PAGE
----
Man pleads guilty in accidental shooting
A local man who accidentally shot a friend while drunk pleaded guilty to four charges in provincial court last week.
Andrew Collins, 40, will spend seven months and 22 days on a conditional sentence followed by 18 months on probation with conditions after pleading guilty to charges of unlawfully causing bodily harm, unauthorized possession of a firearm, careless use of a firearm and a breach of conditions.
Collins had been in jail for 32 days prior to his release on bail so Judge Hermann Seidemann's sentence of nine months minus his jail time came to seven months and 22 days left on his conditional sentence, said defence attorney Timothy Klaassen.
A sentencing range of six to nine months was suggested by crown and defence, who agreed to a plea arrangement, and Seidemann said he'd give the higher end of that sentence because of Collins's record, Klaassen added.
On March 27, police found a man shot in the leg near the sportsplex around 6:30 a.m.
A witness said he heard a gunshot and then found the man on the ground, said police at that time.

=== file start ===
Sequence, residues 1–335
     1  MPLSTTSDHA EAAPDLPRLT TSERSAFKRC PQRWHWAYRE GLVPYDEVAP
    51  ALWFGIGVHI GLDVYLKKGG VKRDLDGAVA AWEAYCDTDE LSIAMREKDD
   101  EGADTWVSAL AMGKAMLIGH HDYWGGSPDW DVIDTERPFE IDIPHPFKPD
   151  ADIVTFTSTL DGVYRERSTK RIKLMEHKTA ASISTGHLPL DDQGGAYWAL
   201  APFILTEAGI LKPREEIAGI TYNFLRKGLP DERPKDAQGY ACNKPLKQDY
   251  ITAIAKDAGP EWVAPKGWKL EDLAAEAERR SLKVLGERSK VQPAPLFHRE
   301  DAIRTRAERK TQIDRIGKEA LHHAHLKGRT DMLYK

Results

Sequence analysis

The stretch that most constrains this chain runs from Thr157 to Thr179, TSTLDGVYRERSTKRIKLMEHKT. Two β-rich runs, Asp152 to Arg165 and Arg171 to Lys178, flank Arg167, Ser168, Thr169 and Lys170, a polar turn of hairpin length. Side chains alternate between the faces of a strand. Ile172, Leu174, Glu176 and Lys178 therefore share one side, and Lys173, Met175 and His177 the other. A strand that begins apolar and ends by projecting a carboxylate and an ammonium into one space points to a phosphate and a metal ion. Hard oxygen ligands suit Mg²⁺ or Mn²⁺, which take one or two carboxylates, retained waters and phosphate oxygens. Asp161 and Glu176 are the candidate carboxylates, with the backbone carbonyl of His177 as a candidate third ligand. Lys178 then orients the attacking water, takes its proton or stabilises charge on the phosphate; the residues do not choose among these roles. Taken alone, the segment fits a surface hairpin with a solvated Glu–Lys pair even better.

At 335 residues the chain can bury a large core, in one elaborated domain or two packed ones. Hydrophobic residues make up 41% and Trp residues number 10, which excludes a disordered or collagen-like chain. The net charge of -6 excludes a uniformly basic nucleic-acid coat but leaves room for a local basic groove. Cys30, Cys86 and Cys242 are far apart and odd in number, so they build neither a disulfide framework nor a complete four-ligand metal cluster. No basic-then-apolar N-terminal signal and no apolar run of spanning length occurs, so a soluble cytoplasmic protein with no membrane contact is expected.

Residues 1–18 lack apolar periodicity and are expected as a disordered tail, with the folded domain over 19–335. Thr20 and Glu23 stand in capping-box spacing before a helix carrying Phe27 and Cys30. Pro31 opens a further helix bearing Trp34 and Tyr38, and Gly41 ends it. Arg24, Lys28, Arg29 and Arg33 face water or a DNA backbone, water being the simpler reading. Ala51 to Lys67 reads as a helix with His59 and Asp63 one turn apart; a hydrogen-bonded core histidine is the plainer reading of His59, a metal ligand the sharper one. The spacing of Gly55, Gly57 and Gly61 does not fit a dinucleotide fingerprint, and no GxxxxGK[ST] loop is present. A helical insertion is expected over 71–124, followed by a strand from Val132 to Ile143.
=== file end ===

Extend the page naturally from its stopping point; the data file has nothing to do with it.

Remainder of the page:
Officers investigated and found the witness and victim had been in a nearby apartment, said police.
Another man was playing with a handgun when it went off and hit his friend in the shin, said police.
The victim and witness went outside in “an obvious attempt to distract police from the scene of the incident,” said police.
Collins was arrested later.
The victim was treated at hospital and released, said police.
A handgun was recovered and alcohol was a significant contributing factor in the accidental shooting, said police.
At the time of the shooting, Collins was very depressed and was drinking, said Klaassen.
He put one bullet into the chamber of his gun, put it to his own head, pulled the trigger and it clicked but didn't go off, said Klaassen.
Collins put more rounds in the chamber and while handling the gun, it went off and a bullet struck his friend in the leg, but fortunately didn't break any bones, said Klasssen.
The friend didn't want medical attention and walked away from hospital, he added.
Under his conditional sentence order, until Sept. 30 Collins will have to abide by a curfew of 21.5 hours a day with 2.5 hours each day that he can be out.
From Oct. 1 to Dec. 31, he must abide by a curfew of 7:15 p.m. to 10 a.m. seven days each week.
From Jan. 1, 2012 until the end of his conditional sentence, he must be inside his residence from 9 p.m. until 8 a.m. seven days each week.
The curfew gives him a “full dose' of house arrest for the first part of his sentence and then there is a “tapering” off of the curfew, which allows him to reintegrate into society over time, Klaassen explained. Collins must provide a DNA sample to police and is prohibited from owning or possessing firearms for 10 years.